Amsterdam’s architecture and water engineering amaze me. So does the blending of bicycles and nude women and hash and transsexuals. There is no judgment in this pretty city.
Visiting Amsterdam's attractions including The Heineken Experience, brown cafes and canals
Left: The Heineken Experience in Amsterdam goes from cheesy to techno to beer-providing and is great. Top: Amsterdam's authentic pubs are known as brown cafes and serve great coffee and beer (and maybe marijuana). Bottom: Amsterdam was designed in the 1600s on canals. The engineering and architecture blow my mind and this may be the prettiest city I've ever seen. Seen here is a houseboat. The government limits the number of permits for houseboats, which makes these extremely expensive places to live because of their high demand.

“I want to kill 1.5 billion people with all my guns because everyone else in the world doesn’t matter.”

I sit at a bar that locals frequent—away from the red light district and its tourists—and this extremely intoxicated local does not like hearing that I am American and speaks to me as he imagines an American thinks. Many people here in Amsterdam are as welcoming as the Scottish. They love their culture and want to share it with me. Some others though, including this gentleman who is oddly wearing an I ♥ NY t-shirt, do not.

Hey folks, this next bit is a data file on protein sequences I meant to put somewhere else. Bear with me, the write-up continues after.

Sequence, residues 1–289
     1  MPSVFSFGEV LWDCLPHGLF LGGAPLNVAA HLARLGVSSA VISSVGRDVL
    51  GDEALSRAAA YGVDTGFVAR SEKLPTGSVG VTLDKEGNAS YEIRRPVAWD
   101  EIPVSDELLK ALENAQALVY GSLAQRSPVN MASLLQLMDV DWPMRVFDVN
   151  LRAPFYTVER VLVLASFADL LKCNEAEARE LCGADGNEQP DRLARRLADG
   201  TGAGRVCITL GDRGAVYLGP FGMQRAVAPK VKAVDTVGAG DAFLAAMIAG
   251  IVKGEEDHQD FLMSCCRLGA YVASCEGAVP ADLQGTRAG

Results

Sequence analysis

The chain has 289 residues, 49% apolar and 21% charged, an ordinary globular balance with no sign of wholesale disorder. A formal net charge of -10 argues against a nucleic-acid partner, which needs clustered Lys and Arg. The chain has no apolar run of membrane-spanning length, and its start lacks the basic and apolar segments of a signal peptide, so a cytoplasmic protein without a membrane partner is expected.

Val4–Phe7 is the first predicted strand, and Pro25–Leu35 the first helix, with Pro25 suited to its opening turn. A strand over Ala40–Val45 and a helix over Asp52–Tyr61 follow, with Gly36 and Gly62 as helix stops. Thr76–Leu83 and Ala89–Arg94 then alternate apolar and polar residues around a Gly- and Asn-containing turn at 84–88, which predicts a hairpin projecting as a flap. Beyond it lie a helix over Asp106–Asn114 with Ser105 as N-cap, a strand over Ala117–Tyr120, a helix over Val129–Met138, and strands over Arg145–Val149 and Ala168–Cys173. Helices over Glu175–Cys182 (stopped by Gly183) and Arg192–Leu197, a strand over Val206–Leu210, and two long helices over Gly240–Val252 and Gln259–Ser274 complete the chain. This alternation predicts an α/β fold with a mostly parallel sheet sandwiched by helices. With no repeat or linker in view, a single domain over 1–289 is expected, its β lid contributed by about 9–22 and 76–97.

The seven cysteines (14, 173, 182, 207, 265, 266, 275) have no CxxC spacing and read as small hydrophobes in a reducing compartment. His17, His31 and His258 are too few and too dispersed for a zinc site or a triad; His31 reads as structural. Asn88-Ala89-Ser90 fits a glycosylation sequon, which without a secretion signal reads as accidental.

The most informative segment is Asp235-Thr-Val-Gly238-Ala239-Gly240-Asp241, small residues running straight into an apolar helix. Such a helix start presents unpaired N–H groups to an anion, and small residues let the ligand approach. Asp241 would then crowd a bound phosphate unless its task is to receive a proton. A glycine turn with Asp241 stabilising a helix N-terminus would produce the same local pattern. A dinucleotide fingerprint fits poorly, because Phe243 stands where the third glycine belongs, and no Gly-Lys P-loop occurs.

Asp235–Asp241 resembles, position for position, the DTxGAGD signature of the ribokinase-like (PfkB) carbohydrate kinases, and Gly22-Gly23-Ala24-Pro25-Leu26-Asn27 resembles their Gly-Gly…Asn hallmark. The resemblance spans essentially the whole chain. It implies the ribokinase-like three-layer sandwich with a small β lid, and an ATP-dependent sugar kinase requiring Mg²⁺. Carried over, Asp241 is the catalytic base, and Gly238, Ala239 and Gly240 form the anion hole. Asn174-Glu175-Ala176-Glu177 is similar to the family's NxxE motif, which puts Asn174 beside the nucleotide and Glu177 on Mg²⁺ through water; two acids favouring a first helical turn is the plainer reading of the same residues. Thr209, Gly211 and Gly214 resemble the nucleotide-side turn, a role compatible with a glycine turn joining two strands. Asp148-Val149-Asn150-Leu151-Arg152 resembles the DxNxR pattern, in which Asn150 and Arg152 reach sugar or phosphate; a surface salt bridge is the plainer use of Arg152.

“Everyone in your country is either rich or poor,” he says. “You Americans and your arrogance.” He starts patting me on the back, and then he starts feeling my shoulder and arm. “I haven’t gotten my fucky fucky today.”

A second later I am standing and tell the bartender to run my card. I disregard my new objective to move slower in life and instead I trot on my crutches faster than I ever have, down the dark streets towards Central Station. I buy a tram ticket back to the airport, and then a bus ticket back to the hotel where I close the door and lock it behind me.

Maybe some cities are meant to be experienced in groups.

EuroBen, Day 13

I chose not to pack my computer because I didn’t want to take time away from vacationing. Who am I kidding: I’m a writer.
Writing on the ferry from Amsterdam--typing is overrated
This very story, version 1
Mr. Stroopwafel enjoyed our short vacation and having a break from work. I had a blast with my Americans-temporarily-living-in-England adopted family.
Riding the ferry from Hoek van Holland
Relaxing on the seven-hour ferry ride from Amsterdam's Hoek van Holland back to England

EuroBen, Day 14

I have learned by many different methods, and perhaps none more densely than by traveling myself. I feel more courageous and worldly for having done this. For those reasons I think everyone should try traveling alone at least once.

I understand now that there are many ways to live beyond the Merika' way, with our ease of freeriding and mega-consumption; arrogance; and above all, freedom. I know that I never want to live anywhere else long-term. I love my country. I have felt others' hatred because of my nationality, but after seeing firsthand how hundreds of millions of people want to live here and the risks they will take for that dream, I wonder if sometimes that hatred stems from jealousy. I am sorry everyone in the world can't be as free as I am.

Where will I vacation next? Will it be on a group trip overseas, on a cruise, or by myself again? All I know is, wherever and however I travel next, I’ll get more magnets.
You can never have enough magnets